The main FE commitments in the minority parties' manifestos
* Continuing education for all, backed by a new integrated system of modular examinations designed to put academic and vocational qualifications under one umbrella.
* Student loan system abolished.
* Discrepancies between grants for further and higher education institutions abolished.
* Support for Welsh academic research.
* Action to reduce use of English examination boards.
UK Independence Party
Concentrates its fire on what it calls the "non-courses" of GNVQ and NVQ. The party promises a "hard look at the value of the new courses with a view to a widespread withdrawal of funding and with the cash thus released it will make sure that proper courses are properly funded." Some colleges, the party argues, have reduced "both entry and exit standards whilst inventing a proliferation of new courses intended to attract students, but whose academic value must be subject to grave doubt."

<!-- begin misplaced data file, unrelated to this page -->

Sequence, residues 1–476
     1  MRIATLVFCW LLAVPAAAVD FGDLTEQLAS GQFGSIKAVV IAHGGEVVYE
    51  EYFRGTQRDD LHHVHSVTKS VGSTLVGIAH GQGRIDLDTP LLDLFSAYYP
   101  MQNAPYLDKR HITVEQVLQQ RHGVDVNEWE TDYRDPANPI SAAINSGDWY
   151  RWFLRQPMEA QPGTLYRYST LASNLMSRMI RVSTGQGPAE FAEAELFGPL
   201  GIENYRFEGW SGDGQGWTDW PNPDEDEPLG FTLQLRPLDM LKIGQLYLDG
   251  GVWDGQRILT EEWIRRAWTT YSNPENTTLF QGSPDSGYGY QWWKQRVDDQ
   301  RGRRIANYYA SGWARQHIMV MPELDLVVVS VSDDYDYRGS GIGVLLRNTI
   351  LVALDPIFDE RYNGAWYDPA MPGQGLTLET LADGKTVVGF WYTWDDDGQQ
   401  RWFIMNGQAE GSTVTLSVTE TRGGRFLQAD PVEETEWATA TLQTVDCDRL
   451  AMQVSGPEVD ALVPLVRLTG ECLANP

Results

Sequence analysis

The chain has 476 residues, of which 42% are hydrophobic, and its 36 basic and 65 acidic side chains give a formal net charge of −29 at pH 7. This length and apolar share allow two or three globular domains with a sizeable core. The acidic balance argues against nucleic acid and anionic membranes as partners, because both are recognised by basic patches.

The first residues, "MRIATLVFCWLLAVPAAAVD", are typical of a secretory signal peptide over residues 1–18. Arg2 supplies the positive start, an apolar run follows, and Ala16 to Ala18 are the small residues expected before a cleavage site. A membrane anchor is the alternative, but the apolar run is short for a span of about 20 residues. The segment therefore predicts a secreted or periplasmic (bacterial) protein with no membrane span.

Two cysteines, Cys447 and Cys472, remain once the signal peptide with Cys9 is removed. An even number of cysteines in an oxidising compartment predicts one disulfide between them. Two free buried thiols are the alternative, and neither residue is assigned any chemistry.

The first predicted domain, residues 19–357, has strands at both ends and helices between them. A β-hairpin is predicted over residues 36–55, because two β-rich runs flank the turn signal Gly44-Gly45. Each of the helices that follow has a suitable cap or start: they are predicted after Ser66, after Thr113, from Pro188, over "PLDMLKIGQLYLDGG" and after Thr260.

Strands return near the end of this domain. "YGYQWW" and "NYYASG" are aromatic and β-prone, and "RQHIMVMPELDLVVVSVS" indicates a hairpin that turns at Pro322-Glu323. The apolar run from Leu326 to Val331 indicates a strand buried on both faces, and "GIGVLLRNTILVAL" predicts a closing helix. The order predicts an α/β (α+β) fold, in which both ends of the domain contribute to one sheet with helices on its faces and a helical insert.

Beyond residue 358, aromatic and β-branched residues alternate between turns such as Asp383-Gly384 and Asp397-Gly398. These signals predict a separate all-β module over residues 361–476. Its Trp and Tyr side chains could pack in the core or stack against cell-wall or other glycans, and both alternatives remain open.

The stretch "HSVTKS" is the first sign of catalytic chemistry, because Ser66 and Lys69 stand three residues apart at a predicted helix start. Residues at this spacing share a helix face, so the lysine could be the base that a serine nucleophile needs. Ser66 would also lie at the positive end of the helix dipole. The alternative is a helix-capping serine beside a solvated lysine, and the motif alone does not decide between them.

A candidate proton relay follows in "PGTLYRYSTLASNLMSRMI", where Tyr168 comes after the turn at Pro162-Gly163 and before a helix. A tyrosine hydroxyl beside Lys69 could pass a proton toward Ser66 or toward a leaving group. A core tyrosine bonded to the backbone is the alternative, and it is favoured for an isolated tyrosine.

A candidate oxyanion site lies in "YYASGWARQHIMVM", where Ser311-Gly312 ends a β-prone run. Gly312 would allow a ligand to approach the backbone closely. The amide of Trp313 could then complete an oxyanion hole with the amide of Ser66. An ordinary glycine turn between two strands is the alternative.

* Credit accumulation scheme.
* More access courses.
* Incentives for business to second experienced staff to run FE courses.
* Closer relationships between higher and further education, with a new Higher Education Council to co-ordinate the two sectors.
Natural Law Party * Transcendental meditation forms the core of policy for further education and training, as well as schools. All teaching staff and students would be required to learn TM to help them "fulfil all aspirations in a natural, effortless and blissful way."
* More time for on-the-job training - with consciousness-based programmes - and a national apprenticeship programme.
* Training schemes would include study of the constitution of the Universe, and there would be comprehensive adult education courses "for fulfilment in life."
* Removal of limit on hours claimants can study without losing benefit.
* Student loans system abolished.
* Student grants restored to 1979 levels in real terms.
* Allowances for 16 and 17-year-olds to enable them to stay on at school or go into training.